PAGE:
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Defying the Odds

Defying the Odds
New book about the 2016 election.

Saturday, January 9, 2021

Complicity

In Defying the Odds, we discuss the 2016 campaign, where Trump suggested that he would not acknowledge defeat.  His legal challenges to the election of Joseph Biden have toggled between appalling and farcical.    But his base continues to believe the bogus narrative.


Laura Strickler and Lisa Cavazuti at NBC:
An arm of the Republican Attorneys General Association, a national group representing the top law enforcement officers in their states, sent out robocalls encouraging people to march to the U.S. Capitol the day before the building was stormed by a pro-Trump mob.

“At 1 p.m., we will march to the Capitol building and call on Congress to stop the steal,” said the voice on the recording, which was obtained by NBC News.


The calls, which did not advocate violence or suggest the building should be breached, was sent out by the Rule of Law Defense Fund, a fundraising arm of the Republican Attorneys General Association. The groups share funding, staff and office space in Washington, D.C.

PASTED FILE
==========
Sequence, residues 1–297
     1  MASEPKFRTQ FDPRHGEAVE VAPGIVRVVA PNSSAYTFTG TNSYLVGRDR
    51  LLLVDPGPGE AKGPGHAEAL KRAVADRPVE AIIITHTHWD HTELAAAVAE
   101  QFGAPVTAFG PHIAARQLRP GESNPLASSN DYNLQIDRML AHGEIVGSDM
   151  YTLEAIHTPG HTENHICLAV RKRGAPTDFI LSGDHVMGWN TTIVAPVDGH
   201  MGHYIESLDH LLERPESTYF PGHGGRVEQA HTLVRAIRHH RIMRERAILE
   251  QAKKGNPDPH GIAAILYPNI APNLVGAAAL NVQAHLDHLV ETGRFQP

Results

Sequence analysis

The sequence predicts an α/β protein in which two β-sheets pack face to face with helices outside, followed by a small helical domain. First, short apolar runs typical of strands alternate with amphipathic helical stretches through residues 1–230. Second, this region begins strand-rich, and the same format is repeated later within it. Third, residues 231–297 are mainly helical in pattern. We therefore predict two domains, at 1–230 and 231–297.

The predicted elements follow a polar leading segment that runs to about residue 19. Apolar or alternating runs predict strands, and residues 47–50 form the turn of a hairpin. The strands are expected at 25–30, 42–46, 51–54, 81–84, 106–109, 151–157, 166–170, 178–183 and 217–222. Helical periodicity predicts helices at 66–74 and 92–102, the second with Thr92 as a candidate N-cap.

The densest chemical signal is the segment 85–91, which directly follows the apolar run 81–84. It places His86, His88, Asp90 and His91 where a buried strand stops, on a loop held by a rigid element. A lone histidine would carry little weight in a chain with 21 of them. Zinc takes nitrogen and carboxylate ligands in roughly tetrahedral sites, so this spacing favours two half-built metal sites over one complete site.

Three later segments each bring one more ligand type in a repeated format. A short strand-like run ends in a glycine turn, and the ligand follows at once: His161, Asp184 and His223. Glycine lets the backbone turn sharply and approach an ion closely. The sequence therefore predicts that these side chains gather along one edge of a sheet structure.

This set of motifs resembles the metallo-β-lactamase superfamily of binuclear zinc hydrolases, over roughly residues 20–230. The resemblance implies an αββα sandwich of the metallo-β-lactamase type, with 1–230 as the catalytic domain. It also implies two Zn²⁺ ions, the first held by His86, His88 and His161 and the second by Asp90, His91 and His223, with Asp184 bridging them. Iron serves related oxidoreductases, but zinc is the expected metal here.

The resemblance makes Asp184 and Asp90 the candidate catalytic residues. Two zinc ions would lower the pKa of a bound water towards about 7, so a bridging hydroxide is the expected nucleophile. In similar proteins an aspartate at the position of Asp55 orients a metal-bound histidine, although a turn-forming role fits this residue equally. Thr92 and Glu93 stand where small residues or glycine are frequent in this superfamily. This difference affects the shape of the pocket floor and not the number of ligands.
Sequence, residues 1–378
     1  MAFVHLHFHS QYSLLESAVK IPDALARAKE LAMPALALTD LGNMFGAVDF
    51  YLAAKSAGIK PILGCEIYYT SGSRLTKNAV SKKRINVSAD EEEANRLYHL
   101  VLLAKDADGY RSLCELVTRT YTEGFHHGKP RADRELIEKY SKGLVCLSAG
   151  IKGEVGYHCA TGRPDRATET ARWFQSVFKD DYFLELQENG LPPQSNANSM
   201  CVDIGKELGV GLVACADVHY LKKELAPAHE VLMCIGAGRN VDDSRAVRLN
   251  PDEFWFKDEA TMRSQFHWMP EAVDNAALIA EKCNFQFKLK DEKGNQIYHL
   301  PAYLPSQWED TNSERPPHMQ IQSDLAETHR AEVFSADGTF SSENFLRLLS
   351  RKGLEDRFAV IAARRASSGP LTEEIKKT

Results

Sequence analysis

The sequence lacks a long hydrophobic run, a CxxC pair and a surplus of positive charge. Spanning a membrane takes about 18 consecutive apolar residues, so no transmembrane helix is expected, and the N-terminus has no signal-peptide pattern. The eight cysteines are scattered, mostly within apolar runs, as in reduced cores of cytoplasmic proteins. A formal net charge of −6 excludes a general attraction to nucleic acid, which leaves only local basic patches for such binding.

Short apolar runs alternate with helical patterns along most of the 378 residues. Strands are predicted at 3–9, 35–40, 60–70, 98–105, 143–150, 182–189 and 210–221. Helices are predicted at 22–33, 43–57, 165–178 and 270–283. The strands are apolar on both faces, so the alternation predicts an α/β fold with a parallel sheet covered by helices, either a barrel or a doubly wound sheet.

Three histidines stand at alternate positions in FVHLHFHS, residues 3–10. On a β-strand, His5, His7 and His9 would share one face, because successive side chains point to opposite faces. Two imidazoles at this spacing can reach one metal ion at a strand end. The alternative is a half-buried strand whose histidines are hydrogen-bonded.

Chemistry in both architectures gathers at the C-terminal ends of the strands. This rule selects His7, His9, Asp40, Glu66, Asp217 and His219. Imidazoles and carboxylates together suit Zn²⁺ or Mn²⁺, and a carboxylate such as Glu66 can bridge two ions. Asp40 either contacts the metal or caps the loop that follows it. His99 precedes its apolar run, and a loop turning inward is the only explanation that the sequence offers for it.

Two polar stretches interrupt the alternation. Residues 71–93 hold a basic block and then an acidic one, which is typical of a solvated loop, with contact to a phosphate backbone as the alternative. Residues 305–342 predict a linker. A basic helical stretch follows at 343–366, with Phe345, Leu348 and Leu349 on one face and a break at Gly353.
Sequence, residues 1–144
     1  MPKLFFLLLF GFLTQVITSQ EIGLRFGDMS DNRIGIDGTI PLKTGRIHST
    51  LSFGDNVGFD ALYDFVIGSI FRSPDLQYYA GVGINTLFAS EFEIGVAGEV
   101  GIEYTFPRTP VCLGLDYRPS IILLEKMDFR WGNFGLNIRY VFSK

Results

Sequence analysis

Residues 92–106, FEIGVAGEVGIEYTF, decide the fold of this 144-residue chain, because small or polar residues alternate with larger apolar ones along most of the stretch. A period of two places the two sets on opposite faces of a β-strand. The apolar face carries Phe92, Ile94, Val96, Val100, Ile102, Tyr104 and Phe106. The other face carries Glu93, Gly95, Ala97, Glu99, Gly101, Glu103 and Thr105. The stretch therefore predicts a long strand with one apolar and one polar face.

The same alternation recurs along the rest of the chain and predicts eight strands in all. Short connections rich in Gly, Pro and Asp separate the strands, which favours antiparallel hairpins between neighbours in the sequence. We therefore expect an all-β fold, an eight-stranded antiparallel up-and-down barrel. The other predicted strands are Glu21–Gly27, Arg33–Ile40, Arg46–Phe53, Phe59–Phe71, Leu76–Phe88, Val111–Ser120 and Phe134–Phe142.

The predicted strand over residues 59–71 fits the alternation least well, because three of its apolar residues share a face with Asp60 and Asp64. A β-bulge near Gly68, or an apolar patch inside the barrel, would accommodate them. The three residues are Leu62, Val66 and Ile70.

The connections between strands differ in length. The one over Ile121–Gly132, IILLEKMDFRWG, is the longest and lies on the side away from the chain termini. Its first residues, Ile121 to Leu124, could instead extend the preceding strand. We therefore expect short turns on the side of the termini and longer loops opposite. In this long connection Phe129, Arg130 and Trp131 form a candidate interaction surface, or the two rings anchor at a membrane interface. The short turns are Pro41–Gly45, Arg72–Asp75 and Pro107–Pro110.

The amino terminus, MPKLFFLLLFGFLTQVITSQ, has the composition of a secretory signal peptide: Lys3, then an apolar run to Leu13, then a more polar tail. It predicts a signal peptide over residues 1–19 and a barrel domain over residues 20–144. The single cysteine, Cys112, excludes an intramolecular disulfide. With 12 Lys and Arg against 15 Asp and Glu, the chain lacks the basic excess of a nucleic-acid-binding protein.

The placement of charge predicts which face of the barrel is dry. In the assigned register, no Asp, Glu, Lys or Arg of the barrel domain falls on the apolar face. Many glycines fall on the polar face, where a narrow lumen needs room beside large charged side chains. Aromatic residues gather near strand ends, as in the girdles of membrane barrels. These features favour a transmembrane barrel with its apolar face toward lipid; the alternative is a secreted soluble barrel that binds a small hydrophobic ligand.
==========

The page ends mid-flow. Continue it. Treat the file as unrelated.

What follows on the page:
In a statement to NBC News, Alabama Attorney General Steve Marshall, who runs the fund, said the calls were sent out without his knowledge.
...
Adam Piper, the executive director of the Republican Attorneys General Association, and Peter Bisbee, the executive director of the fundraising arm, did not return requests for comment about the robocalls, which were first reported by the watchdog group Documented.
Rebecca Klar at The Hill:
Posts on websites including Parler, a Twitter-like platform with minimal content moderation, and TheDonald.win, a message forum that sprung up after Reddit banned a “subreddit” of the same name in June, were rife with posts about storming the Capitol in the days leading up to the deadly riot that prompted a lockdown and forced lawmakers to evacuate.

But posts on mainstream platforms, including Twitter, also mused about a potential attack coinciding with the day Congress was set to affirm President-elect Joe Biden’s win, according to a report from Advance Democracy, a non-partisan, non-profit organization that conducts public-interest research & investigations.

For five days leading up to the riot, when a mob forced its way into the Capitol, there were 1,480 posts on Twitter from QAnon-related accounts about the Jan. 6 date that contained “terms of violence,” according to the Advance Democracy report.

One account related to the QAnon conspiracy theory late Tuesday night tweeted, “WE are all done being the bigger person, no more MR. NICE PATRIOT! it’s Time for Patriots to Rise up, Kick The Tires and Light the Fires, and Kick Ass and Take Names!!,” according to the report.

Advance Democracy also identified four TikTok videos with between 1,900 views and 279,000 views that called for violence or rebellion during pro-Trump demonstrations scheduled for Jan. 6.